Skip to Content

Eos: How to Read Atmospheric History Written in Flowstones

Proxy data like tree rings, pollen cores from lakes, and ice cores from glaciers can help scientists decipher the long-range climate history of a location by figuring out how the patterns of pollen or tree rings relate to the temperature and precipitation at the time they were laid down. Cave mineral deposits called “flowstones”(you probably know them as stalagtites and stalagmites) can provide a long look back in time as well due to changes in the chemical characteristics of the water and minerals that were deposited. A new research study shows that the translation of the deposits into useful climate information is tricky and not at all straightforward. You can read more in Eos here.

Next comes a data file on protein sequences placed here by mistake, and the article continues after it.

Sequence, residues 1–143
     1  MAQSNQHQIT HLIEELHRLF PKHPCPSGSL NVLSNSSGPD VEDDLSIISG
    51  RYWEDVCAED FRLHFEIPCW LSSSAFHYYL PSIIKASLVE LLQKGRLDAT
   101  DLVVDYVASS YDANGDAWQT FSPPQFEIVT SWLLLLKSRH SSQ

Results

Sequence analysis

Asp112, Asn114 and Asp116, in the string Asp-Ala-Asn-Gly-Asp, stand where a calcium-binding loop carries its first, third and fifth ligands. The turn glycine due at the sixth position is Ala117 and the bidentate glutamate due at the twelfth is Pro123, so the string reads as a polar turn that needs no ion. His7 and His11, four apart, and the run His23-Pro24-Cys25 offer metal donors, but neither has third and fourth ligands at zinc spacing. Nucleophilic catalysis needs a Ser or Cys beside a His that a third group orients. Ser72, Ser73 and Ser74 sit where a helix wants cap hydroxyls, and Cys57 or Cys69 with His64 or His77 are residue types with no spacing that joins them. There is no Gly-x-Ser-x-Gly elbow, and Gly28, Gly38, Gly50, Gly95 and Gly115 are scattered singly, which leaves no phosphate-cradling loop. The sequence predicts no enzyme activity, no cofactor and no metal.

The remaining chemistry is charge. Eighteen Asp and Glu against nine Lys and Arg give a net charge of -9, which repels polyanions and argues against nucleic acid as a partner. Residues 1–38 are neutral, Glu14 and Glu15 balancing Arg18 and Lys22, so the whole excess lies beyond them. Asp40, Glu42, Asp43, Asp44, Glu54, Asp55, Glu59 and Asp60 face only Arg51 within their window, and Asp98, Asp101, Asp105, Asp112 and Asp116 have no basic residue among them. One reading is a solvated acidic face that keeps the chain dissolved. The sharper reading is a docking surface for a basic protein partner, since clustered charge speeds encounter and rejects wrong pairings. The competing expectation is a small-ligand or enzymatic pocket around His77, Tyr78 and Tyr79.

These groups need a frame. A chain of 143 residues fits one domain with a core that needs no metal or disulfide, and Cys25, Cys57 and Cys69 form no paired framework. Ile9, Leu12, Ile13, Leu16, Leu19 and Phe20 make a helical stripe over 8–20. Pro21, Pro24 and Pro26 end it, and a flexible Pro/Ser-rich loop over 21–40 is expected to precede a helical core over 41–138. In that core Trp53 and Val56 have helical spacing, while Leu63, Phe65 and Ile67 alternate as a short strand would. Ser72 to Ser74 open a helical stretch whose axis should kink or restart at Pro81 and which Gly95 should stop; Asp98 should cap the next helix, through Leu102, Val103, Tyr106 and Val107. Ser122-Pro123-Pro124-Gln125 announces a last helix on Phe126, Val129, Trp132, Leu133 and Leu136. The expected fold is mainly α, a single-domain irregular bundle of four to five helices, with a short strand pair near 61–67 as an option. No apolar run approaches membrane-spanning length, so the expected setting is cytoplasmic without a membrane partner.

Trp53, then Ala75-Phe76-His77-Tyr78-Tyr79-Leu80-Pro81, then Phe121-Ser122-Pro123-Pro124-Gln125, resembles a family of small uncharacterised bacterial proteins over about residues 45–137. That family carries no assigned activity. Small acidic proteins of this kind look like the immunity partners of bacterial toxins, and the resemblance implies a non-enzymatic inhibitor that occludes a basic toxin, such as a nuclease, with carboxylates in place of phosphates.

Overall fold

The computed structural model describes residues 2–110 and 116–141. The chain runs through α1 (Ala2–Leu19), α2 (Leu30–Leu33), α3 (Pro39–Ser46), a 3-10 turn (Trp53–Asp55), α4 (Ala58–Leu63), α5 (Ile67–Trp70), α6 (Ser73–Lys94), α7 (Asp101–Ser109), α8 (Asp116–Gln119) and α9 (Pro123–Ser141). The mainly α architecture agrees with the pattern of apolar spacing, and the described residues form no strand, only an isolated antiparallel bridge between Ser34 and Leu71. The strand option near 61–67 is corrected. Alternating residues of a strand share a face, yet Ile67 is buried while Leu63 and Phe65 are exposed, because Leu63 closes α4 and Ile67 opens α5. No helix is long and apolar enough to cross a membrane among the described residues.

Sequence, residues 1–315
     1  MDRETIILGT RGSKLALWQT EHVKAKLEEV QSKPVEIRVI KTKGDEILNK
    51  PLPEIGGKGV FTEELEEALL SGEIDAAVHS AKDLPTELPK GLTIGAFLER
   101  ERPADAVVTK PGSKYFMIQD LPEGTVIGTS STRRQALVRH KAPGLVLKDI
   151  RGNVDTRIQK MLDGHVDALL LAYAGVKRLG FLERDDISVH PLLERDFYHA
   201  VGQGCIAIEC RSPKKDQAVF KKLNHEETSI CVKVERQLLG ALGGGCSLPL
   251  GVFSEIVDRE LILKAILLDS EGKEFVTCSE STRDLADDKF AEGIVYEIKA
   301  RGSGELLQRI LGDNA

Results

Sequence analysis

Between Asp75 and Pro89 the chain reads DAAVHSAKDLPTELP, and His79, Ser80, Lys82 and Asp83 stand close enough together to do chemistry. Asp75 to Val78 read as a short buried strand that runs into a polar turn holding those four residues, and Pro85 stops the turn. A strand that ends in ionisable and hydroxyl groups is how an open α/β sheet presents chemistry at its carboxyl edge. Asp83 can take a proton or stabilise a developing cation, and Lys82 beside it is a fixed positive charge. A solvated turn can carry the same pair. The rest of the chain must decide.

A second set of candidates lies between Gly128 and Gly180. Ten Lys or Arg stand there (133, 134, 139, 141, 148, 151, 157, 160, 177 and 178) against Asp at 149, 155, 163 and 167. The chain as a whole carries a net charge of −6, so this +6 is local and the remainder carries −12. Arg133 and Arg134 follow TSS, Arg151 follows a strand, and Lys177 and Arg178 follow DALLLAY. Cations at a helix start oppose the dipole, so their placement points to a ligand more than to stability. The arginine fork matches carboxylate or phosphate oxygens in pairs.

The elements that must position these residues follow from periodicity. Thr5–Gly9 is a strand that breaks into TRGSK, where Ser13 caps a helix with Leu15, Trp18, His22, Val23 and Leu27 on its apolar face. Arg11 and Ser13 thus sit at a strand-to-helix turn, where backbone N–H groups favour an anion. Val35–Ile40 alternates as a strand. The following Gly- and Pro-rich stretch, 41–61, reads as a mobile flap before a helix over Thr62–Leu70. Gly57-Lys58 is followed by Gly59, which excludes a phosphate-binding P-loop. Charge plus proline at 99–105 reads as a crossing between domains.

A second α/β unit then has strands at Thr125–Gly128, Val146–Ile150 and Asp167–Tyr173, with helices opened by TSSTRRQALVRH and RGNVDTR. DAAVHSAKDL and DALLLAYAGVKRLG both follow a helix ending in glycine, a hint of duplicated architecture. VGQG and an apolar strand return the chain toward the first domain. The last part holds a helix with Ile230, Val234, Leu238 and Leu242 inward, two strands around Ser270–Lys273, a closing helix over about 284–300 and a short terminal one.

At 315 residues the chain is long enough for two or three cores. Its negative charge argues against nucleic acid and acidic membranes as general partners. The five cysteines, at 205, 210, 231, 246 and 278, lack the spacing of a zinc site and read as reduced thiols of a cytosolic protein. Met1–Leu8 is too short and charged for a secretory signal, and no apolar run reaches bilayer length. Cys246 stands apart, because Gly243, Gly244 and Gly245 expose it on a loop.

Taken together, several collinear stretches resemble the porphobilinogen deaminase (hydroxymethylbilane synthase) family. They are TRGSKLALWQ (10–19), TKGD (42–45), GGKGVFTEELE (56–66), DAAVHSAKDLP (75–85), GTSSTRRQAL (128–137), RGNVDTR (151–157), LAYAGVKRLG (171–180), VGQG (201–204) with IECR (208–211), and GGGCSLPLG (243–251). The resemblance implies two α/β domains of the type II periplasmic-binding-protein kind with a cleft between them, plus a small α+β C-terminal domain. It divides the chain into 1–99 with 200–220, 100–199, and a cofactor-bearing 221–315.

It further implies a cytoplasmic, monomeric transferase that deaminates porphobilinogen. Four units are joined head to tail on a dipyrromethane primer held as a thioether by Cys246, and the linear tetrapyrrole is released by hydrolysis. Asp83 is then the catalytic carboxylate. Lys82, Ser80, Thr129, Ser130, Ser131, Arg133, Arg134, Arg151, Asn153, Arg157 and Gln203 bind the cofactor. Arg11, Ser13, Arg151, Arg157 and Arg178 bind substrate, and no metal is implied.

Researchers collecting a stalagmite from Gejkar Cave in Iraq. Climate reconstruction using the stalagmite has revealed that recent droughts there were more severe than previously thought, and therefore possibly an important contributing factor for the turmoil in Syria. Credit: University of Reading.